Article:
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  • Compassion Fatigue

    Jeffrey G. Chipman, MD, FACS
    Compassion Fatigue

    I recently cared for several ICU patients with COVID-19 who required significant life support, including advanced ventilator techniques.  The majority were unvaccinated. I had to confront my feelings of frustration and irritation as much of it could and should have been avoided.  The evidence that the vaccines are safe and effective is incontrovertible, especially when viewed with a public health lens. The toll of the last 18 months on critical care providers has been relentless, and I am not alone in feeling some compassion fatigue, particularly for the unvaccinated.   I recently liberated a patient suffering from COVID-19 who was on the ventilator for over a week.  When I reported the success to the spouse and that the patient was now considered “recovered” and therefore could have visitors, the spouse shared being unvaccinated.  “Inconceivable,” was all I could think. I wanted to free my frontal lobe and yell, “your spouse has been in the hospital for three weeks and just spent over a week on a ventilator and nearly died?” I asked why and gave my pro-vaccine spiel, but it was a voice to a vacuum. Nothing is going to change some people’s minds, no matter how much evidence there is or the suffering they experience. I acknowledge that for the person who does experience the rare, severe vaccine complication, the risk is 100%, and the public health lens becomes opaque. Even so, one’s perception of risk is often illogical, as I have addressed previously.  It seems impossible to dissuade fear with data. 

    This shared sense of frustration is amplified by the fact that many of us were hoping and planning that the worst of the virus was in the past but are now seeing increased numbers of patients straining already full hospitals - a situation made worse by staffing shortages, partly as a fall out from the last 18 pandemic months. So, to see numbers start climbing again due, in part, to ignorance, obliviousness, or obstinance is salt in the wound.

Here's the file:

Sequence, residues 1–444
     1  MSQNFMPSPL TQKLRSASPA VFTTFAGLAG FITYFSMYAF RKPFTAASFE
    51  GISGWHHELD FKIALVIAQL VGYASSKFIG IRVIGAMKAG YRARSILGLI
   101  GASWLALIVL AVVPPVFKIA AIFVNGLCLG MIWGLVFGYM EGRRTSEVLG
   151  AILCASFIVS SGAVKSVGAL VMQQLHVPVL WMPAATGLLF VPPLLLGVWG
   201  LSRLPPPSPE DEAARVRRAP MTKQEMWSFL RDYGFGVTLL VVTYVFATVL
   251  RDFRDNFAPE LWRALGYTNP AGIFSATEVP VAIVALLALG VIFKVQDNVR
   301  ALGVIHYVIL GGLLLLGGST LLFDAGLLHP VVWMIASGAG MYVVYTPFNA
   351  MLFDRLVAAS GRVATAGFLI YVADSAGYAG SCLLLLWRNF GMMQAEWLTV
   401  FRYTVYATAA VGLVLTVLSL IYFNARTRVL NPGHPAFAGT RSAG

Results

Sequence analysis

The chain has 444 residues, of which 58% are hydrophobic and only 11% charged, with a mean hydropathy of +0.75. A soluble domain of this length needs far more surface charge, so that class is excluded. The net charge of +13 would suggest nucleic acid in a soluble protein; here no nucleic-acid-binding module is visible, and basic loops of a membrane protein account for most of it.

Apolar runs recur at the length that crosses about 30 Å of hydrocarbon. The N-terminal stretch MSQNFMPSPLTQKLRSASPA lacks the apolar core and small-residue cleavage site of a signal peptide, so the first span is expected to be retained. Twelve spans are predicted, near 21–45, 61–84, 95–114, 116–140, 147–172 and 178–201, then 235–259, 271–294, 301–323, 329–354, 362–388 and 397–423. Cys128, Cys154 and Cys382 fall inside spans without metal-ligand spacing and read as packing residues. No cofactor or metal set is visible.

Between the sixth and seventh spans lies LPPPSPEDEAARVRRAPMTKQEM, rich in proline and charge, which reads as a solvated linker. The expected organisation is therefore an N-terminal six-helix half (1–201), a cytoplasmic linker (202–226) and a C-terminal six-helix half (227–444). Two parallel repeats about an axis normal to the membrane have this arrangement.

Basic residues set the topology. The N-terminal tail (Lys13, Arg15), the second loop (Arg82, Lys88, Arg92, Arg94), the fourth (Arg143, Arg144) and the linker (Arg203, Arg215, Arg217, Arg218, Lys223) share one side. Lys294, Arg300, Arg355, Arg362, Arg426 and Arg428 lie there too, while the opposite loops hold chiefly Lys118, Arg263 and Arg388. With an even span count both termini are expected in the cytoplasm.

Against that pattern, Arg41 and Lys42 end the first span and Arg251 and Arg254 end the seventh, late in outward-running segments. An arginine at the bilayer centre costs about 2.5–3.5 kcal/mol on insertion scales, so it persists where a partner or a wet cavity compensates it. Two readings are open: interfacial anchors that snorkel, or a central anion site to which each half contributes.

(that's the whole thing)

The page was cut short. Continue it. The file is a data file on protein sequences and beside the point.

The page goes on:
In a way, the hospital systems are in a more significant predicament than when the pandemic began, and supply shortages were severe.  At least then we had plenty of people who could solve the problem, even if it was with baling wire and twine or whatever else was available. The same is not true now. We don’t even have enough people for the non-COVID work. I don’t claim to understand the myriad of reasons for the personnel shortage. However, the strain of the last 18 months on the healthcare workforce cannot be underestimated.  In a recent survey of over 27,000 employees of an academic healthcare institution, of the more than 5000 participants who completed the entire survey, 1 out of 5 are considering leaving their professions due to the strains of the COVID-19 pandemic.  It’s clear that for many, it’s just not worth it anymore.  And with low national and local unemployment rates, there are plenty of available jobs outside of healthcare.  

    Hmmm…I’ve always wanted to be a cowboy.

    Jeffrey G. Chipman, MD, FACS

    Frank B. Cerra Professor of Critical Care Surgery
    Division Head, Critical Care, and Acute Care Surgery, 
    University of Minnesota
    Executive Medical Director, Critical Care Domain, M Health Fairview